Six days later, USS S-28 departed on her fourth war patrol. On 3 January 1943, the submarine crossed the International Date Line, and, on the 5th, she entered her assigned area in the northern Kurils. Moving down the Paramushiro coast, she patrolled in Onekotan Strait; then headed north, again, and, on the 20th, passed Shumushu, whence she set a course for the Aleutians.
During her fifth war patrol, from 6 to 28 February, the World War I design submarine remained in the western Aleutians, patrolling across the Attu-Buldir-Sirius Point route, and along the coast of Attu, particularly off Holtz Bay, Chichagof Harbor, and Sarana Bay. Poor weather and lack of speed, however, impeded her hunting.
On her return to Dutch Harbor, USS S-28 was ordered south; and, on 4 March, she got underway for Esquimalt, British Columbia, Canada; where, from 15 March to 15 April, she conducted sound tests and ASW exercises with Canadian Navy and Air Force units. She then continued on to the Puget Sound Navy Yard at Bremerton, Washington State, for overhaul and superstructure modification work. On 27 June, the S-boat headed back to Alaska; and, on 13 July, she departed Dutch Harbor to return to the northern Kurils for her sixth war patrol. Her new Commanding Officer was Lieutenant Commander Vincent A. Sisler, Junior.
Again, USS S-28 patrolled off Paramushiro and in the straits to the north and to the south of that island. Again, she was hindered by the weather, obsolete design, and by mechanical failures. On 14 August, she headed east; and, on the 16th, she moored in Massacre Bay, Attu, and commenced refit.
The late arrival of needed spares from Dutch Harbor delayed her readiness for sea; but, on 8 September, USS S-28 departed the western Aleutians to return to the northern Kurils. On the 13th, the submarine entered her patrol area. On the 15th, severe smoking and sparking from her port main motor necessitated fourteen hours of repair work. On the 16th, she transited Mushiru Kaikyo; and, on the afternoon of the 19th, she closed an unescorted freighter off the island of Araito. Her torpedoes missed their mark. The "freighter" turned, and, within minutes, had delivered the first two depth charges of a ten-minute attack. The Japanese ship searched the area for an hour, then departed.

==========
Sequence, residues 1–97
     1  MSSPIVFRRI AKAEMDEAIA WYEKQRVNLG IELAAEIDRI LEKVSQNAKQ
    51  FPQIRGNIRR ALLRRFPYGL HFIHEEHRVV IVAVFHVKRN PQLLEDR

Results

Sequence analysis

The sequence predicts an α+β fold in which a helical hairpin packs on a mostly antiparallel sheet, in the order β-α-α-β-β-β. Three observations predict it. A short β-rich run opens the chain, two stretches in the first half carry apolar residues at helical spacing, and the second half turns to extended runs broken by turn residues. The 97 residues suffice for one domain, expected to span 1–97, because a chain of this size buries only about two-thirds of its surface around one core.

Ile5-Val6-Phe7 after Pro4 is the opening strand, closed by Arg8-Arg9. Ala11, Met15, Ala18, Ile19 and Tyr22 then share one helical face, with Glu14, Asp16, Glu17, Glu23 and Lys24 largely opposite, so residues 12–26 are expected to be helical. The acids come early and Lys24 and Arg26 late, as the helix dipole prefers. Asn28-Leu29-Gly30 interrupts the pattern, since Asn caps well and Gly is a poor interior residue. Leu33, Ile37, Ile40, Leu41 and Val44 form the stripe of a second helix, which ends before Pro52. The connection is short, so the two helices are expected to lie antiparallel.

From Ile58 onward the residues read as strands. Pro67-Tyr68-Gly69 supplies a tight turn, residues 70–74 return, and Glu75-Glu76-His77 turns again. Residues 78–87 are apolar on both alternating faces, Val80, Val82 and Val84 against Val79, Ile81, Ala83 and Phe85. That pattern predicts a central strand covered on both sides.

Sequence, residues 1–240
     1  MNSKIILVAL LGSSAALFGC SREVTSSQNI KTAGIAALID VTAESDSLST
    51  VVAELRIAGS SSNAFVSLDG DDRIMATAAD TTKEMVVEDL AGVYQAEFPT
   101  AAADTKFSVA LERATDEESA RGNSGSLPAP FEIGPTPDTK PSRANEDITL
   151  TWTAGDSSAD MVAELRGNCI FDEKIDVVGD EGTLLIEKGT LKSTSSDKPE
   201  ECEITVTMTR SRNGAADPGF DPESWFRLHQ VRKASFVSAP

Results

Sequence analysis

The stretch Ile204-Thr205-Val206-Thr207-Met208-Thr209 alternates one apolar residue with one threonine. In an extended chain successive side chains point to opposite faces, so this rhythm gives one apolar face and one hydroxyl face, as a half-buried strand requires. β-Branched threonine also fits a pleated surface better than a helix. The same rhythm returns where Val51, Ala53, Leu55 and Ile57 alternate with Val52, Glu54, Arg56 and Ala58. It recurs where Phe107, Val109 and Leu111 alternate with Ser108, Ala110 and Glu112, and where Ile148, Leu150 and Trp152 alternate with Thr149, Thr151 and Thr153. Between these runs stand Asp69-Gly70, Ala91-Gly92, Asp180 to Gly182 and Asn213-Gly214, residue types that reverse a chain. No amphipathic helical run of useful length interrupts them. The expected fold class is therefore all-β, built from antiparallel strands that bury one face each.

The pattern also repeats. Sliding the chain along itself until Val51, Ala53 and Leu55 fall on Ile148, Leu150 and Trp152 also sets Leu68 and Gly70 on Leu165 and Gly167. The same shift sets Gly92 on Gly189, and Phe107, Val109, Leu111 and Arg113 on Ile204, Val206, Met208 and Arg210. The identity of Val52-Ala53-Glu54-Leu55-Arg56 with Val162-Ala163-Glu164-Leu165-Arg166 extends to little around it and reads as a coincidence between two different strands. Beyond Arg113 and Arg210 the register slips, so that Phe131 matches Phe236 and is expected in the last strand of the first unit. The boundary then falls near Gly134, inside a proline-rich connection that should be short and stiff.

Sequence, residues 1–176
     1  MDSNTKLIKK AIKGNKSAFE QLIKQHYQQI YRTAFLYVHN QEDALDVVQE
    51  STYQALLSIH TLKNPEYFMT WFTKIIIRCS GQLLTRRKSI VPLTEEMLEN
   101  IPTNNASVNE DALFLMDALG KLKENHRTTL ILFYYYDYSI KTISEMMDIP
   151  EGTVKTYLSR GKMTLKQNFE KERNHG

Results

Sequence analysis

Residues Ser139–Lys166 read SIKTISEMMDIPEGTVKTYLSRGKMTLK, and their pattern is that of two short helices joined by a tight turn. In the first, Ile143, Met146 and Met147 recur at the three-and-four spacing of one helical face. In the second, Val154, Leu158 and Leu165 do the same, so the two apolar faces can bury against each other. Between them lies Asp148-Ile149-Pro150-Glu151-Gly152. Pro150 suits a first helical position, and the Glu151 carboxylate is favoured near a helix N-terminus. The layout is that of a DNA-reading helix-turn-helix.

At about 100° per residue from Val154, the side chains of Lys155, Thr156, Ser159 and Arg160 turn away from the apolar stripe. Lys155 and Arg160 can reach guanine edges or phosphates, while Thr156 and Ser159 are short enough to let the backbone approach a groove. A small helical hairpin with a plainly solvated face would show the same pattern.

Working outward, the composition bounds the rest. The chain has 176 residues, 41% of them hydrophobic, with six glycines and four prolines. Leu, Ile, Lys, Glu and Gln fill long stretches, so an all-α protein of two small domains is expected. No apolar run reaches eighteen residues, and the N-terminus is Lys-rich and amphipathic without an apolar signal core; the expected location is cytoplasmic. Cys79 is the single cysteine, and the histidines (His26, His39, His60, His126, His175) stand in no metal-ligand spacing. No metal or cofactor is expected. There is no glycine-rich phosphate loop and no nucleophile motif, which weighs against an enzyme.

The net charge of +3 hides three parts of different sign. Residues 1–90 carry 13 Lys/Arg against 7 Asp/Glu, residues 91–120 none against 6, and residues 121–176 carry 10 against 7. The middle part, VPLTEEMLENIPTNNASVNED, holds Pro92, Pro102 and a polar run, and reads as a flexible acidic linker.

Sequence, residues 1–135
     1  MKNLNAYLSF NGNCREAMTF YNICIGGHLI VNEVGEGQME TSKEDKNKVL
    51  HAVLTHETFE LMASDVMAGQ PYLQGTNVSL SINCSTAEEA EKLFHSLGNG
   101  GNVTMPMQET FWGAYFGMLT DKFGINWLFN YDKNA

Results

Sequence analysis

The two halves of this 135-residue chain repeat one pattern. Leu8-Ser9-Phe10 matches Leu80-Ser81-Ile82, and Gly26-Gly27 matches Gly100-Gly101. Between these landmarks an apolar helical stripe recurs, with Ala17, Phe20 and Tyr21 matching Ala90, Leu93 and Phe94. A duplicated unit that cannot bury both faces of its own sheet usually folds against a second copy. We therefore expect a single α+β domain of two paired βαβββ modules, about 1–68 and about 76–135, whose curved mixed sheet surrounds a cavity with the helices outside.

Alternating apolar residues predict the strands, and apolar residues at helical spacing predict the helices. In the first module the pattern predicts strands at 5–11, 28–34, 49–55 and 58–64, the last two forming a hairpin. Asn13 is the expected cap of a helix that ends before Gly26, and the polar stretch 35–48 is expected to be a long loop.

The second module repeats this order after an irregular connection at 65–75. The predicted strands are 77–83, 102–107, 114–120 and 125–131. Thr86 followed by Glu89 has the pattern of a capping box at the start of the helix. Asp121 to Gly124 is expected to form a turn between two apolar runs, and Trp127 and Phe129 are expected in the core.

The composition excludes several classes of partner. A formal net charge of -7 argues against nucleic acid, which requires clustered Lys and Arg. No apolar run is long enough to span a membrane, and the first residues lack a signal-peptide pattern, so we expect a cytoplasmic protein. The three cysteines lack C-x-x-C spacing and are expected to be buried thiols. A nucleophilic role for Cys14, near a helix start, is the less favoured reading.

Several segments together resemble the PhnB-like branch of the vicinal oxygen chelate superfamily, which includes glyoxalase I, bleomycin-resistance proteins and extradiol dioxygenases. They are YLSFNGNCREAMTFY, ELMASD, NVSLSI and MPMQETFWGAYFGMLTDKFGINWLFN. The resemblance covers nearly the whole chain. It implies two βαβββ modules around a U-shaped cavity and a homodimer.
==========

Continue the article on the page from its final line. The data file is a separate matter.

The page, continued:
USS S-28 reloaded her torpedo tubes and continued her patrol. At 1916, she contacted a second unescorted enemy vessel. At 1943, she fired a spread of four torpedoes. At 1944, two of the four torpedoes exploded. The target took on a 30-degree list and began to go down by the bow. At 1946, the 1,368-ton converted gunboat IJN Katsura Maru Number Two sank, bow first, her stern vertical in the air. Five loud underwater explosions followed her disappearance. USS S-28 went deep and rigged for a depth charging which did not materialize.
Into October, USS S-28 hunted just north of Araito and off the coast of Kamchatka. On 5 October, she moved through Onekotan Strait and continued her patrol on the Pacific side of the Kurils. On the 10th, however, a serious personnel injury occurred, and an appendicitis case developed. The submarine turned toward Attu one day ahead of schedule.
On 13 October, USS S-28 moored at Attu. The next day, she departed for Dutch Harbor, whence, in November, she headed south to the Territory of Hawaii. The submarine arrived at Pearl Harbor at mid-month, and, after overhaul, commenced training duty. For the next seven months, she remained in Hawaiian waters, providing training services.
Then, on 3 July 1944, USS S-28, now under the command of Lieutenant Commander Jack G. Campbell, United States Naval Reserve, began training operations off Oahu with United States Coast Guard Cutter (USCGC) Reliance (WPC-150). The antisubmarine warfare (ASW) exercises continued into the evening of the 4th. At 1730, the day's concluding exercise began. Contact between the two vessels became sporadic, and, at 1820, the last brief contact with USS S-28 was made and lost. All attempts to establish communications failed. Assistance arrived from Pearl Harbor, but a thorough search of the area failed to locate the submarine. Two days later, a diesel oil slick appeared in the area where the S-boat had been operating, but the 8,400-foot depth of the water at the site of the sinking exceeded the range of available rescue and salvage equipment, so no attempts were made to rescue the crew or raise the hull of the submarine.
A Court of Inquiry failed to establish the cause of the loss of USS S-28 and the 49 men who perished in that submarine, but there was much regret that the S-boat disappeared during a training exercise and not in a war zone, which would have been a little easier to accept.
USS S-28 (SS-133) was awarded one battle star for her actions during her seventh war patrol during the Second World War, when the old warrior got herself onto the score sheet by sinking a converted Japanese gunboat on 19 September 1943.Click here for a complete and accurate listing of men lost on USS S-28
See also Ed Howard's Final Patrols page on USS S-28 (external link)
The Los Angeles Pasadena Base of the USSVI is the officially recognized custodian of the National Submarine Memorial, West.